Last Sunday a woman came to Mass wearing a T-shirt with the words: “Kindness is my superpower.” It was very fitting given Jesus’ command in Sunday’s Gospel: “Love one another. As I have loved you, so you also should love one another.” Notice that the command is to love as he has loved us. How did Jesus love? 1. He loved sacrificially. He laid down his life for his friends.
On Easter Sunday, we walk with Mary Magdalene to the tomb where she is the first to witness the risen Lord. She is the “apostle to the apostles” as she is entrusted to take that message to them. The second Sunday of Easter it is Thomas who is our guide. Forever known as the “doubter,” Jesus encounters him in his doubt and leads him to the most profound affirmation of who Jesus is, “My Lord and my God.”
In the wake of Jesus' crucifixion and death, the apostles were locked away together in fear. They were afraid that they might suffer the same fate as their teacher. Despite their anxious seclusion, Jesus breaks into their lives- not merely into the physical space in which they were taking refuge. Jesus also breaks into the core of their minds and hearts. Jesus attempts to calm their fears.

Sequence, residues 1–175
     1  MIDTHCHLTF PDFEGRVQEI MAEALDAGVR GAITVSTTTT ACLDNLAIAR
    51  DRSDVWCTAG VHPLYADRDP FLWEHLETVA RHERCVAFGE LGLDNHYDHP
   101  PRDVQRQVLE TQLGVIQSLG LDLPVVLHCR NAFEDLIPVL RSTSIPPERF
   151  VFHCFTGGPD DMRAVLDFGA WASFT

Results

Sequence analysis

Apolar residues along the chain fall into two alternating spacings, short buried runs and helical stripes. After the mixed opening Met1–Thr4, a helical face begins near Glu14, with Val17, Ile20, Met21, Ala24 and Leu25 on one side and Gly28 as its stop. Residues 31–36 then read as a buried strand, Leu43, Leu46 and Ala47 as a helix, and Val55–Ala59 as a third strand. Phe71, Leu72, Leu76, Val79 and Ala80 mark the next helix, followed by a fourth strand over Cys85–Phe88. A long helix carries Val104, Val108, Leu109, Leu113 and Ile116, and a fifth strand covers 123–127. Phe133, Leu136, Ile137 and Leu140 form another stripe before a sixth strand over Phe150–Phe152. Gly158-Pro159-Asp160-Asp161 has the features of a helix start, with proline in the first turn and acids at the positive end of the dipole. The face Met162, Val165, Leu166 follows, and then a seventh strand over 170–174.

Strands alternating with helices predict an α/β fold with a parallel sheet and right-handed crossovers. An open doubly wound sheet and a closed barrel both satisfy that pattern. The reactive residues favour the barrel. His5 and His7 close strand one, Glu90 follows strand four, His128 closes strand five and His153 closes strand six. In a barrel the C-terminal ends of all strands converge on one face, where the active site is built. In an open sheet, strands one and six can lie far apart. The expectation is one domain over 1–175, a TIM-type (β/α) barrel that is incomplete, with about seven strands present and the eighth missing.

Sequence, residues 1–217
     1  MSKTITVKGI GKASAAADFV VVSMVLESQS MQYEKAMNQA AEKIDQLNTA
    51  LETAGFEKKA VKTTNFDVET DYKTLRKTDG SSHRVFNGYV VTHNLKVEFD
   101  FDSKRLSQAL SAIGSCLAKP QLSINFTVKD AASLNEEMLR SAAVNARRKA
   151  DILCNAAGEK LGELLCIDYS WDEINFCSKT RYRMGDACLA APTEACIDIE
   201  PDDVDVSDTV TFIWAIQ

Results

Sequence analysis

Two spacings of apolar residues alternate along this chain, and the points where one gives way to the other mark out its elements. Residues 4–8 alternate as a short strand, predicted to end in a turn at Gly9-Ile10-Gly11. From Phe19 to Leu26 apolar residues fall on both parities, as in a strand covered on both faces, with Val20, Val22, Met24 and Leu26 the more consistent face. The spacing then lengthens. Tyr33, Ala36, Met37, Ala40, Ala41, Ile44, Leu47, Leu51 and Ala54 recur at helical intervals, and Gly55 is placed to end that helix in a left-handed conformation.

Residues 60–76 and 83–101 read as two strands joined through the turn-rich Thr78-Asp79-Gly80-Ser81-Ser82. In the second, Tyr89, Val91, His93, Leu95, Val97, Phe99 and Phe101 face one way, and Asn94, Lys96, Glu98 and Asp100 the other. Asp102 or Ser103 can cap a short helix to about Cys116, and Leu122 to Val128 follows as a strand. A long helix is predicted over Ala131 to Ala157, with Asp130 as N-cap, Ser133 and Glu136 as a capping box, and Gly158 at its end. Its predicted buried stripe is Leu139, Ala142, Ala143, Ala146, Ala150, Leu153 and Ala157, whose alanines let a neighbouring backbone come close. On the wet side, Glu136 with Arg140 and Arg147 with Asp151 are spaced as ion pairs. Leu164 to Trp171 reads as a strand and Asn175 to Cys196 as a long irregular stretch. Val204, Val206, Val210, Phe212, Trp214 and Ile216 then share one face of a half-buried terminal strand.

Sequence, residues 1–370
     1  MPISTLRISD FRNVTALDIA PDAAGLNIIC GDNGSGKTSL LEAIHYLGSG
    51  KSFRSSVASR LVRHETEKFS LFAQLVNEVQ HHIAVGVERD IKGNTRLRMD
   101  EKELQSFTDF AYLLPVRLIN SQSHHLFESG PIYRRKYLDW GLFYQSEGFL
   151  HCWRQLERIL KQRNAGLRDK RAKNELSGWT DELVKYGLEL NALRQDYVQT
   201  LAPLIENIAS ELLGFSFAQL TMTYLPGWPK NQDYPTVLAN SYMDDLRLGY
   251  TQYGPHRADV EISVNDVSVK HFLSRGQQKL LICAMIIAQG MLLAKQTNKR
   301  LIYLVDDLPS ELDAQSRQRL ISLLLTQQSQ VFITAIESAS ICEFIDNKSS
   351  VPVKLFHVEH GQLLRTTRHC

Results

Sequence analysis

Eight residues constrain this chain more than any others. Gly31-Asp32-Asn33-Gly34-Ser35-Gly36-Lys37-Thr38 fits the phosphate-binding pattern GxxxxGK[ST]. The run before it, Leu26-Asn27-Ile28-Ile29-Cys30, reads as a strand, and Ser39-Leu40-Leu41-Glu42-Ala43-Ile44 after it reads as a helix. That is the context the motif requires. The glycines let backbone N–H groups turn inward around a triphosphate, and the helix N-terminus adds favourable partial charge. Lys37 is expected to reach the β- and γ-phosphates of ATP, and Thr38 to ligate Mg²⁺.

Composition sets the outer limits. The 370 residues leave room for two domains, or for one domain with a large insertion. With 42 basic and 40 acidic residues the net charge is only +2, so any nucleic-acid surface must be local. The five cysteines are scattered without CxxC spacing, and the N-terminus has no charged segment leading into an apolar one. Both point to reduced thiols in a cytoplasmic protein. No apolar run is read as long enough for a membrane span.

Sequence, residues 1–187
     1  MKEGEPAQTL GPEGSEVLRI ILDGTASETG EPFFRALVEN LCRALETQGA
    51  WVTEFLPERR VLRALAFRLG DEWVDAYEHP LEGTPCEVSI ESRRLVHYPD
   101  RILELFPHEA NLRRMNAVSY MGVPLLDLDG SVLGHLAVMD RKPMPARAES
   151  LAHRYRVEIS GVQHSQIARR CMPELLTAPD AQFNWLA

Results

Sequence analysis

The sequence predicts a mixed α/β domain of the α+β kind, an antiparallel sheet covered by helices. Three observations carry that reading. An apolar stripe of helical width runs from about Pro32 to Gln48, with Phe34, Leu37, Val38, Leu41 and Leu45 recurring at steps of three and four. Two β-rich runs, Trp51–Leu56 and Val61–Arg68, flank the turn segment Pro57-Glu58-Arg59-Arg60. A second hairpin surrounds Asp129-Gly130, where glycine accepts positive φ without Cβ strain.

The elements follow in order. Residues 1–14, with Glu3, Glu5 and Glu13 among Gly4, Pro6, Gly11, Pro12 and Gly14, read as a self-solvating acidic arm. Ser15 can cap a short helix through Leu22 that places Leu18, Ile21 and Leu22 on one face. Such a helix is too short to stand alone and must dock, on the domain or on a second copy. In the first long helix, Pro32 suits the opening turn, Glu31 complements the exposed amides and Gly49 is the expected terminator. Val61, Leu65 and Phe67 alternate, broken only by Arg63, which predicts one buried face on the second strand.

Ninety-two-year-old Sr. Matilda looked up at me and asked: “Do you think the Easter season is celebrated with as much joy and energy in heaven as it is here on this earth?” Before I could reply, she answered with absolute surety, “It sure is!” When we consider Sister’s question, it does contain terrific insight. Why? For Jesus, the Son of God, the second person of the Trinity has accomplished His mission.
It took me quite a while to let go of the conviction that Easter, not Christmas, was the preeminent event of our Christian faith. For a long time, I clung stubbornly to my fond childhood memories of Christmas: family gatherings, gifts, decorations, special foods and that pervasive atmosphere of good will, joy and peace. I almost forgot: and no school! Christmas, I thought, must be first!